Category Archives: Culture

Vive le Facebook libre?

As an English speaking resident of Ontario I will admit I chuckled when I read this attempt by the Quebec language police to control what a business owner’s Facebook page says or doesn’t say.  Language laws make no sense to me in any way, it seems to me that they only serve to make it more difficult for Quebec businesses to compete, but this particular attempt could make a bigger news splash.  It probably won’t result in a positive image for the Quebec government, either.

It’s important to note that I am not an educated commenter on this matter, nor does it matter one bit to me either way what happens.

This will be an interesting one to follow, since there are lots of fun things that may come to light.  Somebody, somewhere is going to ask the question:  well where are Facebook’s servers?  And then the fun will begin again….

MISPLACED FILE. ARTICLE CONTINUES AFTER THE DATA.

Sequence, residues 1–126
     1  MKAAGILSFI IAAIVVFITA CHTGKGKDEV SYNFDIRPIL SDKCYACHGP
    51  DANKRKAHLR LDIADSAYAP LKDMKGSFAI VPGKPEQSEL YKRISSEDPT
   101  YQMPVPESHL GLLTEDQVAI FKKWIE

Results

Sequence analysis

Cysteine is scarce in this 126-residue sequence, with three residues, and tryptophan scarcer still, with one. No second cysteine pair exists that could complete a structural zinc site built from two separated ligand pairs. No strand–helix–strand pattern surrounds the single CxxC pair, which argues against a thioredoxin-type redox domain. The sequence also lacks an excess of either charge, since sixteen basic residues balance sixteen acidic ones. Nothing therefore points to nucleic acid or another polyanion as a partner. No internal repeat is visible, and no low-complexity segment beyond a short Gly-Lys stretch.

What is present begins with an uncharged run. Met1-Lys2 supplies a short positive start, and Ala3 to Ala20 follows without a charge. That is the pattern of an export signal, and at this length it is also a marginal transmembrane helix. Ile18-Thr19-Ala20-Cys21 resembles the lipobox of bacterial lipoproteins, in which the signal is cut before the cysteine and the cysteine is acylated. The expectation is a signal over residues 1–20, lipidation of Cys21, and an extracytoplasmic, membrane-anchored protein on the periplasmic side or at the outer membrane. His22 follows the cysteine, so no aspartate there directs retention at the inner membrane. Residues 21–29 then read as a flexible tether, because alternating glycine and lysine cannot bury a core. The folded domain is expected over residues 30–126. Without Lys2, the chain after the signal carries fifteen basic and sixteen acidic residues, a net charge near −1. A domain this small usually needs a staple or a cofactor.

you have no power here

Rob Ford Pants

Just a quick one before I forget this, I was working on something around the house on the weekend and I was kneeling down.

I felt a draft and realized that I had better pull up my jeans, and I casually mentioned to Nikki that I had my Rob Ford Pants on.

Not the most original joke, but I made myself laugh and that’s really what it’s all about anyway right?

Catnip for the 40-50 year olds

There’s a rapidly diminishing chance you haven’t seen this video yet if you are of a certain age.  For folks that enjoyed Led Zeppelin in their teenage years, this is pretty awesome stuff.  If you are older than that, well turn up your hearing aid and enjoy this.  If you are younger than that, get the hell off my lawn.